Kingdom of the Planet of the Apes – Review

Worth seeing: for the seamless visual effects and some thought-provoking ideas about the very nature of - well - nature.
Director:Wes Ball
Featuring:Freya Allan, Kevin Durand, Owen Teague, Peter Macon, Eka Darville, Lydia Peckham, Neil Sandilands, Sara Wiseman, Travis Jeffery, William H Macy
Length:145 minutes
Released:9th May 2024


Many generations after Caesar the chimpanzee led the apes in their takeover of the planet, a young chimp, Noa (Owen Teague), is living in a village built largely from treehouses, from the top of which the elders summon eagles.

When a gang of violent gorilla thugs burn the village to the ground, they kidnap the entire population, leaving Noa for dead. But he survives and sets off to find his friends and family and avenge the destruction of his village.

On the way, he encounters a wise old orangutan, Raka (Peter Macon), and a human they nickname Nova (Freya Allan), because humans can no longer speak – or can they?

The three of them decide to travel together but the gorillas are soon on their trail and before long, they find themselves in a coastal commune, with hundreds of suppressed apes, overseen by the fearsome Proximus Caesar (Kevin Durand), who’s come up with a plan to speed up evolution – and he needs Noa and Nova to help him.

When Noa realises that Nova knows more than she’s been letting on, loyalties are split – they’re both trying to stop Proximus finding ancient human secrets that could give him even more power – but they’re not sure whether they’re still working together or whether they’re enemies after all.


The fourth film in the latest iteration of the Planet of the Apes franchise picks up “many generations” after the third left off, at a time when the apes are in full control and only a handful of humans – or echoes as Noa’s village refers to them – run around as savages, wearing carefully placed shreds of animal skin, drinking from and bathing in the river and unable to speak.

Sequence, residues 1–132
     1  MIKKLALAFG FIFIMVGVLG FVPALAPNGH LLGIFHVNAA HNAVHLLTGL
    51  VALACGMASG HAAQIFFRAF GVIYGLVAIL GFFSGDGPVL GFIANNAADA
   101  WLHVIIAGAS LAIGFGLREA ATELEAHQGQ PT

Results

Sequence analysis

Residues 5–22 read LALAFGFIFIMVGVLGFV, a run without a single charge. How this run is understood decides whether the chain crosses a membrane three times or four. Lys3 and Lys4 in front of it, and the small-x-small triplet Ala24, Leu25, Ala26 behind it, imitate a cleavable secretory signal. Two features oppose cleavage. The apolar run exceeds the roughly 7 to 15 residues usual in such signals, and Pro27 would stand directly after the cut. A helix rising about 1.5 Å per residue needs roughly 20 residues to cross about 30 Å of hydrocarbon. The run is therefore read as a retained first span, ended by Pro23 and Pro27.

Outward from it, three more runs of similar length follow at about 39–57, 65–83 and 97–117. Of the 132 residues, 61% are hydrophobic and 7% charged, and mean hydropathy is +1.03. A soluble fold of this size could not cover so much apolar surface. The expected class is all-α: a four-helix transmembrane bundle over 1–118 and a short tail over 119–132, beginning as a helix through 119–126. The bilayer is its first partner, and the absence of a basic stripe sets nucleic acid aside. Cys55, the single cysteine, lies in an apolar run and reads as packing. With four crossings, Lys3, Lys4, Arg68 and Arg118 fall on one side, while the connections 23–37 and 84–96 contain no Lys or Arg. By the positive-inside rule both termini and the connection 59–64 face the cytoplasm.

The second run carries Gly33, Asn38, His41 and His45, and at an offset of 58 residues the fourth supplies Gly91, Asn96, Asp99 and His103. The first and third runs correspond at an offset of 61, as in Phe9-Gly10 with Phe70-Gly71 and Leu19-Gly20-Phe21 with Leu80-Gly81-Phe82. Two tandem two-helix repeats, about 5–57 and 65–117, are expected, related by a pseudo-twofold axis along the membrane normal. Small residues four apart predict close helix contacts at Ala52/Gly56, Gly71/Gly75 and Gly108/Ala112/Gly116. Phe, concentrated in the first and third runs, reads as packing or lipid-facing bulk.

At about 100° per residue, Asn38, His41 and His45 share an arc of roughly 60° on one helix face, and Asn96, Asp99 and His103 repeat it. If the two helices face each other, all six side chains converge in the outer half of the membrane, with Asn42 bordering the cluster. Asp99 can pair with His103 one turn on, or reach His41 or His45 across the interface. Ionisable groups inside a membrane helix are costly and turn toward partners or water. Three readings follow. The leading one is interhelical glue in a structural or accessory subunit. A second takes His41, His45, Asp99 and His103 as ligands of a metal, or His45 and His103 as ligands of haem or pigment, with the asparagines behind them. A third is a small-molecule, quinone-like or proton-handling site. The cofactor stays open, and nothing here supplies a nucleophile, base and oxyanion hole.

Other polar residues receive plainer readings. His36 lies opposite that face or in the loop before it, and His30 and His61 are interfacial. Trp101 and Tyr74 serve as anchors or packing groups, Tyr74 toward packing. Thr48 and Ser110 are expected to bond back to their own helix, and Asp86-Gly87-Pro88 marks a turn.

But Noa and Raka manage to bump into a human who – unexpectedly – can speak – which is key to where the plot goes next; “many generations” after humans ruled the planet, the self-declared leader of the apes wants to discover the hidden secrets, left behind when the humans lost control.

Much of the narrative feels convenient, incoherent or even illogical – from all remaining humans supposedly being savages to the seemingly vibrant community who aren’t, as the plot requires it – there’s the electrical equipment that clearly hasn’t been used for “many generations” but fires up just fine, once the switch is turned on, as if it was last turned off just last night – every species of primate (human and ape alike) speaks the same language – there appears to be only one orangutan left on the planet – the characters are surrounded by the ruins of sky-scrapers and shopping centres but having no knowledge about who built them – and there’s a very basic rule of physics that seems to escape the film-makers.

The action sequences are often shot in close-up, in dark, confined spaces, which take away from the technical mastery that’s now so taken for granted that it’s in danger of losing its impact – you just accept that you’re watching talking apes. And they do a remarkable job of managing to make the viewers empathise with the chimps – it’s as if the apes are genuinely acting.

There is a thought-provoking moment at the end, where the ambiguous relationship between ape and human poses some interesting questions about the nature of evolution and ecology.

It’s perfectly entertaining – but the story-telling is oddly pedestrian and it’s removed enough from its predecessors that the status of the characters takes a while to bed in and just when we get to know who’s who and where they fit into the big scheme of things, most of them vanish from the story.